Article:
Film Reviews

REVIEW: Cinderella

Words By: Jack Dawson

I suppose I can say this with absolute certainty, out of all of Disney’s recent Live-Action remakes, including Maleficent and Alice in Wonderland, Cinderella is easily the best. In fact I could argue that it improves upon the original animated feature in almost every respect, even if it does have occasional moments of confused storytelling and muddled delivery.

It seems almost pointless to recount the story of Cinderella, if you’ve heard even a vague outline of the original fairy tale, then you know what happens. Cinderella is a young woman trapped in the service of her selfish and Ugly (in character more than appearance) Stepsisters. But opportunity knocks when the Prince invites everyone in the Kingdom to a ball, and thanks to the help of her innate kindness and a Fairy Godmother, Cinderella shall go to the ball.

So why is this film better than the original Disney film?
Well for starters the main characters are actually more interesting than cardboard. Richard Madden is particularly good as the Prince (who actually gets a name in this version), and has great chemistry with both Cinderella and his father the King (played by Derek Jacobi). Cinderella also has a good reason to remain at the house where she is constantly abused, and we actually get to meet her Father and see what their relationship was like.
Instead of focusing on the ‘Hilarious’ antics of the House Mice, we get actual character development.

Though the one area where this approach falls flat is arguably the Stepmother. While Cate Blanchett does a decent job trying to develop her own spin on the character, it’s just nothing much compared to the original and formidable Lady Tremaine. Whereas the original animated version effortlessly asserted her authority through sharp words and the deadliest Death glare you’ve ever seen, Cate Blanchett’s Stepmother relies more on hamminess and coquettish giggling.
I’m hesitant to say that it works nearly as well.
And as much as Cinderella gets a lot of character to work with, Lily James doesn’t quite nail it either. Some lines fall flat and  she comes across as more passive aggressive than Kind and Brave (which the narration frequently assures us she is). But they’re by no means terrible, and both Actresses shine in certain scenes.

And as for those aforementioned virtues of Kindness and Courage, that represents another of the film’s greatest faults. The Moral.
Now the Moral of being Kind and Courageous is by no means a bad one, it’s certainly a lot better than the original message of ‘plod along and you’ll make everyone you ever disliked jealous after marrying a man you met once’. But the way that the moral is hammered in with all the complexity and tact of a jackhammer is woeful, though it’s considerably better than the film’s secondary moral which clings to the screenplay like an infected Appendix.
We are told in the opening narration that Cinderella is special because ‘She saw the world not just as it was, but what it could be’.
Aside from being the single most wishy-washy useless moral that has ever squatted over a Disney Film, it never comes into play during the film. Kindness does, frequently, though bravery less so, and I will give the first moral the credit of actually being important to the story. But all that the secondary moral gets in the way of development is a brief mention in the ending narration.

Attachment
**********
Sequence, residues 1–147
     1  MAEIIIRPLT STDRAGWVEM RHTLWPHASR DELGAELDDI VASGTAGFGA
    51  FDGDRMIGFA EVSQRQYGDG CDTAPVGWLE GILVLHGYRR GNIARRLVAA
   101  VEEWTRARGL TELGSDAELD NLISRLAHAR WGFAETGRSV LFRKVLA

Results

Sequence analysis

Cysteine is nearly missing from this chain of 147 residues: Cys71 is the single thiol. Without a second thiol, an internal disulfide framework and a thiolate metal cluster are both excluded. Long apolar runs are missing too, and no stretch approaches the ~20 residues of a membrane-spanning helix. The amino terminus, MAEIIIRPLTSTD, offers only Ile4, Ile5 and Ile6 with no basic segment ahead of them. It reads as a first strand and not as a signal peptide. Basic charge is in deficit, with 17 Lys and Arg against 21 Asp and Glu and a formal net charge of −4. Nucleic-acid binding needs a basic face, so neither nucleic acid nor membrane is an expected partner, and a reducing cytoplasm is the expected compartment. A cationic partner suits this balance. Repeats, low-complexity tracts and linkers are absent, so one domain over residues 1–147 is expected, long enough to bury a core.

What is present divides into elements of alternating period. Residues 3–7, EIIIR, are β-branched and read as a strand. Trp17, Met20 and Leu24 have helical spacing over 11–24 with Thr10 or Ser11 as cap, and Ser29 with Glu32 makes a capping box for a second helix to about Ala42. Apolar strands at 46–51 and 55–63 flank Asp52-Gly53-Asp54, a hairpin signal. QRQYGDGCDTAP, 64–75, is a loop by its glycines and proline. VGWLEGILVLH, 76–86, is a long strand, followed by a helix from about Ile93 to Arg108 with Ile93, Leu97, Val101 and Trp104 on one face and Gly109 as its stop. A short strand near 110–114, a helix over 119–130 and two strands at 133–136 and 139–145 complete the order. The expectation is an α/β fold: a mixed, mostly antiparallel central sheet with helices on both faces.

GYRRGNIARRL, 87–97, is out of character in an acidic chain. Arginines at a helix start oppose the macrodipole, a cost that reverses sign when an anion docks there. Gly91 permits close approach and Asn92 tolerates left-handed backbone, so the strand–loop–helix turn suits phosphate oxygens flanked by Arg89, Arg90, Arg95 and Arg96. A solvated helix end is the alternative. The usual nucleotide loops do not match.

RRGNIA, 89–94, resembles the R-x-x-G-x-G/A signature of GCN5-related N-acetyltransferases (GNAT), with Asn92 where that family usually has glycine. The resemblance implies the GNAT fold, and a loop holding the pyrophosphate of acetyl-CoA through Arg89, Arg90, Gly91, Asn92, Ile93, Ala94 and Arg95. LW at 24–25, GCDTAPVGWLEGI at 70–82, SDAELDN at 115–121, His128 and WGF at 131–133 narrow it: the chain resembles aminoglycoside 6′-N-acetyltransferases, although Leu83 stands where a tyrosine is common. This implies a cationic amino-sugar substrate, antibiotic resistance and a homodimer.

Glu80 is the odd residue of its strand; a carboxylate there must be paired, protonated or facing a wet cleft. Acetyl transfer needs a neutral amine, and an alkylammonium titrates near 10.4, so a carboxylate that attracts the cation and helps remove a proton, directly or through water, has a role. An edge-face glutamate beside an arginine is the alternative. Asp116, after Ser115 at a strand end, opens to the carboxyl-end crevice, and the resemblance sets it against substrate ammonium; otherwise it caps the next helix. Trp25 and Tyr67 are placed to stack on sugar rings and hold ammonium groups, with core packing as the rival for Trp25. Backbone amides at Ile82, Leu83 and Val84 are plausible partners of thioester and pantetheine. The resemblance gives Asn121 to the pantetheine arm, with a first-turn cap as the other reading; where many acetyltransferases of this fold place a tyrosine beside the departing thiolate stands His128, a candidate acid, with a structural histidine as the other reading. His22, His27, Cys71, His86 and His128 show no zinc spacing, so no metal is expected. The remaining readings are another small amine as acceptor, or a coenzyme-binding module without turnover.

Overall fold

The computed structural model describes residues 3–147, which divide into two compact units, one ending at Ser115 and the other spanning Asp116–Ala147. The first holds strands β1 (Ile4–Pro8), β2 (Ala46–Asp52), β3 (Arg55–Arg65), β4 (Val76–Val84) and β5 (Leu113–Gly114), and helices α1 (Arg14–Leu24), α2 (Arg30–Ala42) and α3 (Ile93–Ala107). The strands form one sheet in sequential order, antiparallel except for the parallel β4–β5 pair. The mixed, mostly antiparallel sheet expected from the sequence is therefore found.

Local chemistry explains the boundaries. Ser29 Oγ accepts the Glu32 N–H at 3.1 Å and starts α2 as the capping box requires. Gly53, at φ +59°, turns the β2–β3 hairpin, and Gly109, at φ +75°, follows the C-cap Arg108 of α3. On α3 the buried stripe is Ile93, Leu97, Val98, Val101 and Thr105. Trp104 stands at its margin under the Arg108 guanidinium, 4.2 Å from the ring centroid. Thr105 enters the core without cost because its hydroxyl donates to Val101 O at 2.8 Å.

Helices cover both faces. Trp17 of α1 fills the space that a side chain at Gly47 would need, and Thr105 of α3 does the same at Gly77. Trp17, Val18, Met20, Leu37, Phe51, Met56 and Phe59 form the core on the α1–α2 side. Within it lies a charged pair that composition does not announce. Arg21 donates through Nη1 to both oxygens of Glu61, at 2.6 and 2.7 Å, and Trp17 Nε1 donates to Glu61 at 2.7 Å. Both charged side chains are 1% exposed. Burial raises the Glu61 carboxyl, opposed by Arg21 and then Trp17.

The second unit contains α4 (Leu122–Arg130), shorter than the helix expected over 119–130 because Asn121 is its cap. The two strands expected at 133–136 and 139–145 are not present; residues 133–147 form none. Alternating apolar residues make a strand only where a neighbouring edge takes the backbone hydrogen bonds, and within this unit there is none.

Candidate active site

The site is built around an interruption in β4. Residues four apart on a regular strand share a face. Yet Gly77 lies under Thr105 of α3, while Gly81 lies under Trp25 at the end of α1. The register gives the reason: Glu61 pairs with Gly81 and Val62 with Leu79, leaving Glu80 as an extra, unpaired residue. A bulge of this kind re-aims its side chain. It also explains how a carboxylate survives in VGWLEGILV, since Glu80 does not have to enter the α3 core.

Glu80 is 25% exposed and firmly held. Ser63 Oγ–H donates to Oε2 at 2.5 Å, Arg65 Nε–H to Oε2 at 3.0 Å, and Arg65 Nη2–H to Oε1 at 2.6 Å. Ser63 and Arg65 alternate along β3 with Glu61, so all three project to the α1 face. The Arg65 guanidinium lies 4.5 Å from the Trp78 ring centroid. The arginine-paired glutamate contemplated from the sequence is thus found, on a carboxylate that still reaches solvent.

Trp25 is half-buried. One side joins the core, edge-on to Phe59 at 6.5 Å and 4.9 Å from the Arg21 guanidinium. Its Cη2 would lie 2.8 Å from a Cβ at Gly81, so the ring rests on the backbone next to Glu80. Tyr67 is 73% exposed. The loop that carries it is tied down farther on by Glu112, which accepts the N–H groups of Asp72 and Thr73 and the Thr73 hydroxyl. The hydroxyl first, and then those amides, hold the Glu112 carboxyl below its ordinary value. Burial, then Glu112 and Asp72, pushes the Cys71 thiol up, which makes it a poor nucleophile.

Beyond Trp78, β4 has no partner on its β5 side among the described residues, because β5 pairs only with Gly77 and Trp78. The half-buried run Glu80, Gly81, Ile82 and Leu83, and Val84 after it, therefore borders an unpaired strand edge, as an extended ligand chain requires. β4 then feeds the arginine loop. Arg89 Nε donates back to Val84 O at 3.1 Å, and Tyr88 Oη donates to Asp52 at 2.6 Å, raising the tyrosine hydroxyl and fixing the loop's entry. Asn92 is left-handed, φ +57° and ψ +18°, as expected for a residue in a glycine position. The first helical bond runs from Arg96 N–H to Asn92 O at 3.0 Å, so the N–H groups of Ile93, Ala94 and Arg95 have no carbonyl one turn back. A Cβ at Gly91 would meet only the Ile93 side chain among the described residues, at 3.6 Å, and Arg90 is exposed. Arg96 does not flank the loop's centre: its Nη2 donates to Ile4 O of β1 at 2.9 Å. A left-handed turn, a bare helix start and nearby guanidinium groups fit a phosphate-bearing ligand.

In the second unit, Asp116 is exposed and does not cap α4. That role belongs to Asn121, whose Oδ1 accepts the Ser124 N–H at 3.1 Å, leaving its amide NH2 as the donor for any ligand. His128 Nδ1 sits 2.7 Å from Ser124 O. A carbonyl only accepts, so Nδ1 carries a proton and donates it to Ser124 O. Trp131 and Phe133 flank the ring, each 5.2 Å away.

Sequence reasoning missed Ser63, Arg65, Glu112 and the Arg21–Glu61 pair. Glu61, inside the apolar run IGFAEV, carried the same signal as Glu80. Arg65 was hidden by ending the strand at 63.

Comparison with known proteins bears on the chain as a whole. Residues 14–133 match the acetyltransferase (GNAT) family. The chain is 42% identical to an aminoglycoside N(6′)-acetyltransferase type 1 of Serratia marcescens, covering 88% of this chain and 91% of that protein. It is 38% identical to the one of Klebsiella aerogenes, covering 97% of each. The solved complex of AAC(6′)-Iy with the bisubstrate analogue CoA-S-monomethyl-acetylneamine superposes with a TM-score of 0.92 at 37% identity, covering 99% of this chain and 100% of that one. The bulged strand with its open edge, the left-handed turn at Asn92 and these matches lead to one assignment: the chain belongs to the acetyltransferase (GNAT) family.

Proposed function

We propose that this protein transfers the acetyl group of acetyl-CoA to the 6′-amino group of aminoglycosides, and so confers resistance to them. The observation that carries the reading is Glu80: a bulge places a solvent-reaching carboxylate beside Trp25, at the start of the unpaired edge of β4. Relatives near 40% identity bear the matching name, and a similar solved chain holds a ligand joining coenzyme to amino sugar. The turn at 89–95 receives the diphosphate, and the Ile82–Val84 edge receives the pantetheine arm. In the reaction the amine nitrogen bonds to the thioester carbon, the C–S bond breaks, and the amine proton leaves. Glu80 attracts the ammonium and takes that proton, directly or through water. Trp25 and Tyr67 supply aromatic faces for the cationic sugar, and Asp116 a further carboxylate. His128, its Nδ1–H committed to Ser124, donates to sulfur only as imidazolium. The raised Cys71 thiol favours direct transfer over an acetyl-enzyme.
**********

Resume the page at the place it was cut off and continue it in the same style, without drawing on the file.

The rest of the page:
But neither of these misfires sinks the film for me, which is just as well.

It’s worth noting that the visual design is one of Disney’s strongest in their live action efforts, every shot is meticulously managed to look like a storybook picture. After the rather lacklustre and dull design of Alice in Wonderland, it’s nice to see films like Maleficent and Cinderella embrace their fairy tale roots and bring them to life in a plausible manner. And it’s a much more unified film than Maleficent in intent and in tone, and stands on its own as a worthy entry in the Disney Canon.
But Cinderella’s greatest strength was one that frequently reminded me of 50 Shades of Grey.
Which is the last thing one wants to think about when watching a Disney Film.

50 Shades of Grey features, in my opinion, the culmination of every single unhealthy and problematic relationship cribbed from Romance stories of all mediums. There is no meaningful communication, no chemistry, but resplendent cruelty and bitterness on both sides, along with a sense of humour more at home amongst Psychopaths than anyone else. Consent is a casualty of the romance rather than an established institution, actual human warmth is completely absent, and extravagant displays of wealth are mistaken for acts of affection.
Not so in Cinderella.
I’m not going to claim that it’s the greatest romance of all time (Gomez and Morticia Adams get that honour), or that it doesn’t have its own flaws. But there is actual conversation between the two characters, they talk about what is important to them and what they like about each other. And while there is some deceit, it is quickly rectified and both characters resolve to be more honest with one another. And when they talk about each other to other people, there is a genuine warmth to their descriptions and compliments.
I guess after the many toxic fictional relationships I’ve had to suffer through all these years, it’s nice to see a film where the romance isn’t the worse component.

Cinderella isn’t one of the greatest films of this year, but it’s a solid effort and a refreshing palate cleanser after some less than fantastic efforts in romance films. I’m just about sold on these Live-Action remakes, the upcoming remake of Beauty and the Beast.
But they’d have to start with some pretty solid casting…

Josh Gad

Josh Gad as Lefou

Oh yeah. This is gonna be interesting.